secure a spot in my laboratory group?
This note is not to discourage you, but I get >100 such requests every year, from among whom I might typically take on only one or two.
So, before you write me, to avoid wasted time and disappointment, be sure you really can meet at least five of these criteria:
You have a proven record of research productivity – a graduate degree and research papers in PubMed-indexed journals. I prefer not to take on undergraduate students seeking a first lab experience, new BSc grads wanting to start an MSc, or MDs with no cancer research experience. Ultimately, you need to have sufficient skills and ability to actively determine your research direction and to independently design experiments that yield clearly positive or negative answers.
You have real cancer research training & experience – not just undergraduate coursework. Breast cancer, sarcomas, molecular oncogenesis, epigenetics, proteomics, targeted therapy, immunooncology, biomarker development, bioinformatics, clinical statistics – these are some particularly relevant backgrounds.
You can bring a new skill, method or approach to my laboratory, and better yet can independently think of a way that it could be applied to build on my published research.
You have excellent English language skills – written and spoken. This means you write at a very high level, and are truly fluent (able to grasp complex concepts during rapid conversations, and avidly read and understand the scientific literature).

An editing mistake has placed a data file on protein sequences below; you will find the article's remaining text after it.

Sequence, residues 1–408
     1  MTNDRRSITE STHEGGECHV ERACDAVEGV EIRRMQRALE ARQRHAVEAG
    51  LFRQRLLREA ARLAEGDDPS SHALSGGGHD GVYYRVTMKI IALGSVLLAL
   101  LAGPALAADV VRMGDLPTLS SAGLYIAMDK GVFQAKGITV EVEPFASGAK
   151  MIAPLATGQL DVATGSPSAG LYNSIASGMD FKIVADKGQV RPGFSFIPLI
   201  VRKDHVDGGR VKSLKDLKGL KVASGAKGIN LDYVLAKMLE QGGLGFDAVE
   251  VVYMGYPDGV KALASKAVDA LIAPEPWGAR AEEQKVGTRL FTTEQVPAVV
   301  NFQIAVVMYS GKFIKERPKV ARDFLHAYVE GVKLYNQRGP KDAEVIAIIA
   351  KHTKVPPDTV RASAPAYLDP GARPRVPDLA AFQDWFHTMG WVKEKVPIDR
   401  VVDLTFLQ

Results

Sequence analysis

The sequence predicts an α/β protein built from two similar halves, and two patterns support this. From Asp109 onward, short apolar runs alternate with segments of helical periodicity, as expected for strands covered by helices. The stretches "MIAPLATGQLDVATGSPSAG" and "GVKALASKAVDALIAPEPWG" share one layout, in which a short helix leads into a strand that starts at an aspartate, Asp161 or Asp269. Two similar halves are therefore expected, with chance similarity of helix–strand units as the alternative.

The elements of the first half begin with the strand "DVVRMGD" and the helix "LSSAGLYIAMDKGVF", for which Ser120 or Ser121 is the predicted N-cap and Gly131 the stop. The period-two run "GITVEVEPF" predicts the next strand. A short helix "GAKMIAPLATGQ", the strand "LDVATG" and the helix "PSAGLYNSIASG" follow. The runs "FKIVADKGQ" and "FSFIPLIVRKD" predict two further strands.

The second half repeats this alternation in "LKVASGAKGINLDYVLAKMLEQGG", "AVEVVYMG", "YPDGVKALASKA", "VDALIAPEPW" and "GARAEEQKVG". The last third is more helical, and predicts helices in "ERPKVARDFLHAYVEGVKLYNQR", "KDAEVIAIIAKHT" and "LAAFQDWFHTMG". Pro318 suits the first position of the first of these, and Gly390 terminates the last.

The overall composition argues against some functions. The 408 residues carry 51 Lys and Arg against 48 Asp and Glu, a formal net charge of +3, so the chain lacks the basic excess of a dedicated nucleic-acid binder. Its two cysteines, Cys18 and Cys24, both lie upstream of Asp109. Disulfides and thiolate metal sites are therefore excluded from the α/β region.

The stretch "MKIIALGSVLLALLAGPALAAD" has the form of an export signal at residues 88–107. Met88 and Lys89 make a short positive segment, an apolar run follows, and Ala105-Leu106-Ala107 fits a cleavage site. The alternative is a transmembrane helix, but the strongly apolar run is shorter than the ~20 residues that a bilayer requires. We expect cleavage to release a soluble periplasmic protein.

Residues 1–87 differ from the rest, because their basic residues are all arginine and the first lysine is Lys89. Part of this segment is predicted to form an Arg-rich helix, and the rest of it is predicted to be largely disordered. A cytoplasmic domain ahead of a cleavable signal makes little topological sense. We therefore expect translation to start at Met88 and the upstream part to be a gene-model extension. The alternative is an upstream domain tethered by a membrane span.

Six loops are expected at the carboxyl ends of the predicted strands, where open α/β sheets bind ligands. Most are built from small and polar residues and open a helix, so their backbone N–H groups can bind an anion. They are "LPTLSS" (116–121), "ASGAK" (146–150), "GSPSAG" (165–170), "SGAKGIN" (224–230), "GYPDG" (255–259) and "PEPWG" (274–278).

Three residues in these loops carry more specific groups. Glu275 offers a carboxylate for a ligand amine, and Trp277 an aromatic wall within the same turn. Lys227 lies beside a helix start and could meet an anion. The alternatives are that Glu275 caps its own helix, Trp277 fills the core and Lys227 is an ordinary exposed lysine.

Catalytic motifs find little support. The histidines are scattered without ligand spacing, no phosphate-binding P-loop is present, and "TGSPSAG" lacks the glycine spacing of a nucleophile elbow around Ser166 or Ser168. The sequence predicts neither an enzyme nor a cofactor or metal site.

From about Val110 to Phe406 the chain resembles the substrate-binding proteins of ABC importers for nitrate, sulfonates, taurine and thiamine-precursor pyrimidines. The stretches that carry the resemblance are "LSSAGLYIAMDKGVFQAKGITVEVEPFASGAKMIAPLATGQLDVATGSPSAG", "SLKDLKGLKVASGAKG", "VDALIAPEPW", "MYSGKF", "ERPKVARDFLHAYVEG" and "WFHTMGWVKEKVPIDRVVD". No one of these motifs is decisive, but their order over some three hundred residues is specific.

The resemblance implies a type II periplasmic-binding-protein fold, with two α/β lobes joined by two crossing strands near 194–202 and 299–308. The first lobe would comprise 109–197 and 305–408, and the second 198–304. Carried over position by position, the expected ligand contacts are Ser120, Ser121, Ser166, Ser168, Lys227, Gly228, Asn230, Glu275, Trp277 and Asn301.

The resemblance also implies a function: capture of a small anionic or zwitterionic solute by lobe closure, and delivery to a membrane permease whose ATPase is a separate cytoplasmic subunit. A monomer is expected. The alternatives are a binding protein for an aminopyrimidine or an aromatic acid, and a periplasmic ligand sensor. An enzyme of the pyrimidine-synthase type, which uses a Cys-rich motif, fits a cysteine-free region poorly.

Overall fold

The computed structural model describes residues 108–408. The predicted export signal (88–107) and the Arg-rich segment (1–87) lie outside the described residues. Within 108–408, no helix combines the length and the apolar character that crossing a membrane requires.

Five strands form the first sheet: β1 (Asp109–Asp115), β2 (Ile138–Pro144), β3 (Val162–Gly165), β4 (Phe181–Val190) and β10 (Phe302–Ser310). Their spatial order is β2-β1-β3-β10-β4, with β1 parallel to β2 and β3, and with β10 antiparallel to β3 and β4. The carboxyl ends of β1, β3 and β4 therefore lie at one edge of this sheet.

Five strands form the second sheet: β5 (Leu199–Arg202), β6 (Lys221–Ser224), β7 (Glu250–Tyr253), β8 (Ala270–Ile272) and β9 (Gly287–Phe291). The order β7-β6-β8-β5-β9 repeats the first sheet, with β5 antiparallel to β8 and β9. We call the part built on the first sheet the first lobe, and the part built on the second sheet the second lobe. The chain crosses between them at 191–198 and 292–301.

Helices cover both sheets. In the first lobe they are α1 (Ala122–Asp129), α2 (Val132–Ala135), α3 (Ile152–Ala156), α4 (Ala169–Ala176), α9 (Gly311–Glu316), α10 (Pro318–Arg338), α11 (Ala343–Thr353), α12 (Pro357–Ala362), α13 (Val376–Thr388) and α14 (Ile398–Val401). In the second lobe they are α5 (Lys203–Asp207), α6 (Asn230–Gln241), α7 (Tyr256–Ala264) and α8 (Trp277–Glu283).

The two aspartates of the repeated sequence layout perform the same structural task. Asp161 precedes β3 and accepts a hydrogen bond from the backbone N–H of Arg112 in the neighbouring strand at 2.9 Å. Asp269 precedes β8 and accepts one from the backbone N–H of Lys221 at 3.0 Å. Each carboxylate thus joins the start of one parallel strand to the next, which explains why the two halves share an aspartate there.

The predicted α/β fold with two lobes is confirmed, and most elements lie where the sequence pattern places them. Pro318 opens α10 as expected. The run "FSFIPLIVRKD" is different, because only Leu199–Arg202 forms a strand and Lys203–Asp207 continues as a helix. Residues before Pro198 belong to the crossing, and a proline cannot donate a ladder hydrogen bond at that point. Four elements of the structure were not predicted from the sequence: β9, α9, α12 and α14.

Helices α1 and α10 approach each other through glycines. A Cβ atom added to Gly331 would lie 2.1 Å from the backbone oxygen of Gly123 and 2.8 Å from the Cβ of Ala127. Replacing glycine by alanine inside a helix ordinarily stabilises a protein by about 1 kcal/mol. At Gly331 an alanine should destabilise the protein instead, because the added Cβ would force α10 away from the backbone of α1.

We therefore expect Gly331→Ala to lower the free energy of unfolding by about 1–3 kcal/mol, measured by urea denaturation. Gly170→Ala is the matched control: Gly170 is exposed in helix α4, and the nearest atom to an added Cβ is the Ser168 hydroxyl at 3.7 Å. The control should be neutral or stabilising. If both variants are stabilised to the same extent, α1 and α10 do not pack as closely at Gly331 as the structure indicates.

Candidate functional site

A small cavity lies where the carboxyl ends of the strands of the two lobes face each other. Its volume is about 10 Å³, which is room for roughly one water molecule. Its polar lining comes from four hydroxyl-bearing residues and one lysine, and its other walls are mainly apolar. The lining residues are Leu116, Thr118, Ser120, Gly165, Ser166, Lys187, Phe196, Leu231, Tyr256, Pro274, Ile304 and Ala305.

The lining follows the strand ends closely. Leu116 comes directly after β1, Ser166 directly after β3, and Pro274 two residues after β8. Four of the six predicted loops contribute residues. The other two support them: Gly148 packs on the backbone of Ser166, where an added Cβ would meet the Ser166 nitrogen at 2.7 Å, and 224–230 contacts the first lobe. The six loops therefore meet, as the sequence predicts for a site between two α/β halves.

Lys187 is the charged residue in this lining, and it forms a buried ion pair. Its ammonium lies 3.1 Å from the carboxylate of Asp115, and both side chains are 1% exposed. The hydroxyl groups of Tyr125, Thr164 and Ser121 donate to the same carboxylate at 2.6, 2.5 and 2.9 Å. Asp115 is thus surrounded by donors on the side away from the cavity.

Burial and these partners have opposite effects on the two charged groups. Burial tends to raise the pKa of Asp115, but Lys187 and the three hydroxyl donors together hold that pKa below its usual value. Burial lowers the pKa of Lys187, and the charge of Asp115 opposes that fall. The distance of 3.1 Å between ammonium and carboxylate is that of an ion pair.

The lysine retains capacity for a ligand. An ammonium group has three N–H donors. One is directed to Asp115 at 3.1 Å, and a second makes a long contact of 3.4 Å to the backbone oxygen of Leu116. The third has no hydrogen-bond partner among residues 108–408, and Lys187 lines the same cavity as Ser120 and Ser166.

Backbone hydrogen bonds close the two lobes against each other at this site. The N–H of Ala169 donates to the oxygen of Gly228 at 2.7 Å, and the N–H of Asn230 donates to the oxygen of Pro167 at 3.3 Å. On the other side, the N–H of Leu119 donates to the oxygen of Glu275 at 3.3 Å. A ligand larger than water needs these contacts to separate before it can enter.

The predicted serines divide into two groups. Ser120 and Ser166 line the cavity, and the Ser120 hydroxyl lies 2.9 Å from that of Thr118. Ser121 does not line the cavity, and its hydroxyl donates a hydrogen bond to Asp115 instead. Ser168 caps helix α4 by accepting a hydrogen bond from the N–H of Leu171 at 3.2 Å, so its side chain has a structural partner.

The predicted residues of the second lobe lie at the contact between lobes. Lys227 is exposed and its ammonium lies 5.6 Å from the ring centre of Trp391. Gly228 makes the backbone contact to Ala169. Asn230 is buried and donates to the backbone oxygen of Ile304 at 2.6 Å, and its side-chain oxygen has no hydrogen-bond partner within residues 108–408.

You have a track record of winning awards for academics and/or research. While I do have plenty of funding to support my trainees, if you have already secured your own funding that makes you much easier to take on. If not, you should have a c.v. that suggests you will be competitive in fellowship applications.
You have or will find a way to meet me in person (in Vancouver, at a conference we both attended, or in a visit I made to your institution), or alternatively you have been referred by someone I know – a lab I have collaborated with, or at least one that I have cited in my publications.
You are approaching me with a good idea related to the fields I am working in, based on clinical need or technological innovation. Be specific and show your ability to take the initiative!
What does not work:
A letter that reads like it has been sent out to other researchers in a very similar form. It needs to be personalized and specific. Just quoting the title of a paper I have published and mentioning that you found it interesting is not enough.
A letter that is purely a description of what you have done in the past. What I really need to know is what you would specifically want to do in my lab, in the near future.